Hockey Day: Fierce Games, a Little Cold, Memories

John Gilbert

R.H. (Bob) Peters, former Bemidji State coach for 34 seasons and 13 national championships, dropped the ceremonial opening puck for the Bemidji State-Michigan Tech outdoor game.  Photo credit: John Gilbert
R.H. (Bob) Peters, former Bemidji State coach for 34 seasons and 13 national championships, dropped the ceremonial opening puck for the Bemidji State-Michigan Tech outdoor game. Photo credit: John Gilbert
Bright sun, not much heat, but packed stands watched Andover take a 1-0 lead over Minnetonka  when Nick Dainty, right, converted a short-handed pass from Charlie Schoen, left, to beat goalie  Charlie Glockner. Photo credit: John Gilbert
Bright sun, not much heat, but packed stands watched Andover take a 1-0 lead over Minnetonka when Nick Dainty, right, converted a short-handed pass from Charlie Schoen, left, to beat goalie Charlie Glockner. Photo credit: John Gilbert
Bemidji State goalie Zach Driscoll knew that warm-ups meant more than usual with  29-below temperatures at the Hockey Day  Minnesota outdoor rink in Bemidji.  Photo credit: John Gilbert
Bemidji State goalie Zach Driscoll knew that warm-ups meant more than usual with 29-below temperatures at the Hockey Day Minnesota outdoor rink in Bemidji. Photo credit: John Gilbert

BEMIDJI, MN

   When Hockey Day Minnesota set up its camp in Duluth outside at Bayfront Park, and Duluth East lost a nail-biter to Lakeville North, it was such a perfect setting that a lot of hockey observers wondered why it couldn’t happen every year, same place, same time.

Last weekend, Hockey Day Minnesota was held in Bemidji, at a neat little rink set up outside adjacent to Lake Bemidji and the new Sanford Center indoor facility, with bleachers set up all the way around. It was vintage Bemidji — cold, very cold, and nobody seemed to mind. And the hockey was exceptional. Makes you wonder why it couldn’t be held here, every year.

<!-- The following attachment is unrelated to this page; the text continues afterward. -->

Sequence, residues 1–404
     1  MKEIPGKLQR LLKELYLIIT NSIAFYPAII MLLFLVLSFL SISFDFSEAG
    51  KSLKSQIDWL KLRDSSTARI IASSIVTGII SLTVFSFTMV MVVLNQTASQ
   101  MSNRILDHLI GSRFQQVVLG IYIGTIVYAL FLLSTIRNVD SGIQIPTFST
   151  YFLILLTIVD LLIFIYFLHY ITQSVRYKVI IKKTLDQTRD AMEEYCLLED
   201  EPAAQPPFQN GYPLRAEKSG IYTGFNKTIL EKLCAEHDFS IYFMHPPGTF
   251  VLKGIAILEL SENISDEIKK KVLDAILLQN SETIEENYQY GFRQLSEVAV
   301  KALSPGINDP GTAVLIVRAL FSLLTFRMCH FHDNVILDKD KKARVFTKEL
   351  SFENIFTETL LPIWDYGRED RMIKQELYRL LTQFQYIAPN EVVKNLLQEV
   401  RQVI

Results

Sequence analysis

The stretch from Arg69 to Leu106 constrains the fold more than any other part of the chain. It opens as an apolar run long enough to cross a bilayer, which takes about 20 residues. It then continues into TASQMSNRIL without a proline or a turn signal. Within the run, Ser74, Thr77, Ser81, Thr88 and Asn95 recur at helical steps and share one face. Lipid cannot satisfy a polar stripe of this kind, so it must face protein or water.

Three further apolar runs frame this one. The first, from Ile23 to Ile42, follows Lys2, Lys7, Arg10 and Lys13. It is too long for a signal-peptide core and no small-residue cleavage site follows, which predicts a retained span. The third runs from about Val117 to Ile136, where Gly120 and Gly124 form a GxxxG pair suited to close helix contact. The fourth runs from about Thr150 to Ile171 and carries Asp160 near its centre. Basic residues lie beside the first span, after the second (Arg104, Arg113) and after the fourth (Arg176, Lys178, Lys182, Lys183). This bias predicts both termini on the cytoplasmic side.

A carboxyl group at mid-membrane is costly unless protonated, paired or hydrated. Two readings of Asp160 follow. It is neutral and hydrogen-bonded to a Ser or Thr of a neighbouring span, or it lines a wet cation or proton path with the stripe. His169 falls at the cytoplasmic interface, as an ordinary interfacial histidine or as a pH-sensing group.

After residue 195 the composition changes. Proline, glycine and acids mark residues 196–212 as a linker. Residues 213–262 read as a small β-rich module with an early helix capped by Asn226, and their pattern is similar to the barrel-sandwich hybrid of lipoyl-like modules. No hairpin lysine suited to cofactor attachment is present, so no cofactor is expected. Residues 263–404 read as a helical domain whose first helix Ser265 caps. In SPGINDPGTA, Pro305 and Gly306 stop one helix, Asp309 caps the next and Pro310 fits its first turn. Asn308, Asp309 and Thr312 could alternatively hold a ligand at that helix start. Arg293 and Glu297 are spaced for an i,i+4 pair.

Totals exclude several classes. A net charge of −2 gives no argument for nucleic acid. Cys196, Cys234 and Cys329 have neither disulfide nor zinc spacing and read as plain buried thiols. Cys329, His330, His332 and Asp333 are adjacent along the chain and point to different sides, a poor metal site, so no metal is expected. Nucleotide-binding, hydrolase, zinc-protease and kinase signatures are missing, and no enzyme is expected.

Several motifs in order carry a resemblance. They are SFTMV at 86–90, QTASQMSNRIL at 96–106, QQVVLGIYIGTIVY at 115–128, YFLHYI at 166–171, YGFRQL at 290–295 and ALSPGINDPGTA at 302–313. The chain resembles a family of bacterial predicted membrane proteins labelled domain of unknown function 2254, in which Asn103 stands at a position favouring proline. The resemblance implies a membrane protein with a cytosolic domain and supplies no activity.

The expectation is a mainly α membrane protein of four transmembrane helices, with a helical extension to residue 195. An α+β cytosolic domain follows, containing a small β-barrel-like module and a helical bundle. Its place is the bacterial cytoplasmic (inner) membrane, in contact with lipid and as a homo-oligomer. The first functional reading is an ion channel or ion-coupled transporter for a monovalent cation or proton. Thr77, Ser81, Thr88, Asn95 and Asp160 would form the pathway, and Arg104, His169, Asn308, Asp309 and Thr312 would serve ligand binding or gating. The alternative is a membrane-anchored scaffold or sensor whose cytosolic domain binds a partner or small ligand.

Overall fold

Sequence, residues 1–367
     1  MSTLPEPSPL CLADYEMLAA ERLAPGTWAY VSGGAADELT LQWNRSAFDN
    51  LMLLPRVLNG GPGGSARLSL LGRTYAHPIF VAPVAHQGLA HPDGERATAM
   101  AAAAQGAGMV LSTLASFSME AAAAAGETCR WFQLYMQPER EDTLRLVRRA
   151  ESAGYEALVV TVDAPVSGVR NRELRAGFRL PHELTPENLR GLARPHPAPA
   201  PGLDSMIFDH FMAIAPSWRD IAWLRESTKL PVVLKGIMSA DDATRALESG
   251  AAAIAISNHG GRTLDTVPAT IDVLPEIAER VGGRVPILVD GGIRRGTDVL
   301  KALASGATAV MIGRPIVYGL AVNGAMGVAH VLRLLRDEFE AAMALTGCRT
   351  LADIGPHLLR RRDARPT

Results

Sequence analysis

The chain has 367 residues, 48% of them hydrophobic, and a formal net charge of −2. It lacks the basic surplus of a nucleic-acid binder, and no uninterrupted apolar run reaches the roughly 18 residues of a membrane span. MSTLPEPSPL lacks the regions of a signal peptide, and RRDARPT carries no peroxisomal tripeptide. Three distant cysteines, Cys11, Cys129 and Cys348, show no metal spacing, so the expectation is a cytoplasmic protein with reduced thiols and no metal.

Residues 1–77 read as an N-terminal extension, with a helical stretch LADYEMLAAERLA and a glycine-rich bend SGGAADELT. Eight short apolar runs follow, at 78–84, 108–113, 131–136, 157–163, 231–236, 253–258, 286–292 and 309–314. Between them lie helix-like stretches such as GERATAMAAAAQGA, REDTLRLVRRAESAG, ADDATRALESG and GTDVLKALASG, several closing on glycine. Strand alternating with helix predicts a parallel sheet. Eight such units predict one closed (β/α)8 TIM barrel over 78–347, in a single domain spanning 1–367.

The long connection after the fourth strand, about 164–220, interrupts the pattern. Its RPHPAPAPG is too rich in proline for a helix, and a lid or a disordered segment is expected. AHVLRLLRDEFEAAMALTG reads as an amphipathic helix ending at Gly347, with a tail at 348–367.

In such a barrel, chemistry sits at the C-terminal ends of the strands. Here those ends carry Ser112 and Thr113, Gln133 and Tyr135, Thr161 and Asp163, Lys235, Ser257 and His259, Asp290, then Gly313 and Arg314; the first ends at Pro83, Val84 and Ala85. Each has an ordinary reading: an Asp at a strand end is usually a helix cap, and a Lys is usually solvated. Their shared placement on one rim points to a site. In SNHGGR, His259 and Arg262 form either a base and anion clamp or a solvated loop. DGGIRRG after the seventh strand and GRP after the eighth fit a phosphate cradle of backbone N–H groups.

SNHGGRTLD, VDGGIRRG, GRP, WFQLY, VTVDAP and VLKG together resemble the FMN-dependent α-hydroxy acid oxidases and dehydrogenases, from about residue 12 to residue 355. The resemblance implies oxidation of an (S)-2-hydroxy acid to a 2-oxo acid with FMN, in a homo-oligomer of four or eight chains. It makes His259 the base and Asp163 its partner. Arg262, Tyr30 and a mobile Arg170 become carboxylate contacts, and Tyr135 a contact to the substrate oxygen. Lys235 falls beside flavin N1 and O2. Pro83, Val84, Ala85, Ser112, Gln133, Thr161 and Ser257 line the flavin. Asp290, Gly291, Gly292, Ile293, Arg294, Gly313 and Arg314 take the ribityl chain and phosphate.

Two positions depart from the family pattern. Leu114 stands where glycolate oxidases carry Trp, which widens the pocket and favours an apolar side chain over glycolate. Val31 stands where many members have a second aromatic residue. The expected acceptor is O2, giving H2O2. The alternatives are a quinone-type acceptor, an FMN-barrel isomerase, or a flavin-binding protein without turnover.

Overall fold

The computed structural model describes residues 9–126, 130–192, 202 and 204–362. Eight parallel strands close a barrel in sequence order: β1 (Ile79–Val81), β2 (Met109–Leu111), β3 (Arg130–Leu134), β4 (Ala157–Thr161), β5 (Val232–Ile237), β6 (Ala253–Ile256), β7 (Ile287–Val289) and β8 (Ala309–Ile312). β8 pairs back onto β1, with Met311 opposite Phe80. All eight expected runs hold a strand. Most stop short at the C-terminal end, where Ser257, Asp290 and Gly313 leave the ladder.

The Minnesota Wild, and Fox Sports North, have conspired to make Hockey Day Minnesota a traditional highlight in what might be a long, nasty time of year. The Wild doesn’t have much to do with it these days, but Fox Sports North did an outstanding job at what it has made a top spectacle of its sports broadcasting. Instead of filling between games and periods with boring stuff, the Fox gang came up with numerous creative features involving players in the games, and youth hockey players who are only dreaming of taking part someday.

On the home front, Brad Folkestad, Bemidji State’s director of sports information, did an outstanding job. Because of the logistics of the event, the fact that the Wild was occupied back home, and that Bemidji State’s men and women were playing during the weekend, Folkestad pretty much had to take over and run the whole thing, from a media standpoint. He had the chance to warm up a bit, because he would race over from the outdoor rink to Sanford Center to print statistics, then hustle back. “Only thing is, I don’t know what to do with the period and game stats once I print them up,” Folkestad said, laughing.

This one had everything. Almost makes you forget that Bemidji is a late-blooming R.H. Bob Peters strolling out in his sheepskin coat, face protected enough that it might have been an imposter. He’s the guy who left one of the great coaching positions in the country — at the University of North Dakota — to move to Bemidji where they didn’t even have an indoor arena of any kind, for a Division II program that would play you anytime, as long as you didn’t mind playing outside. Peters coached the Beavers for a year outside while John Glad Fieldhouse was being built with an indoor rink.

Peters built a small-college powerhouse, with 13 NCAA championships at different levels as he led them up to Division I status. The Beavers won 702 games in 34 years, and while he has turned over the reins of Bemidji State’s program to Tom Serratore — one of his many players who went into coaching over the years — and Peters was out there to drop the ceremonial first puck as the Beavers took on Michigan Tech in a WCHA game on the outdoor rink.

Kids from Bemidji youth teams hustled out to scrape the outdoor rink in perfect formation.  Photo credit: John Gilbert
Kids from Bemidji youth teams hustled out to scrape the outdoor rink in perfect formation. Photo credit: John Gilbert
Hockey Day opened at 9:30 a.m. with bright sun, minus-29, and a ton of enthusiasm by the  unique opportunity to watch outdoor hockey. Photo credit: John Gilbert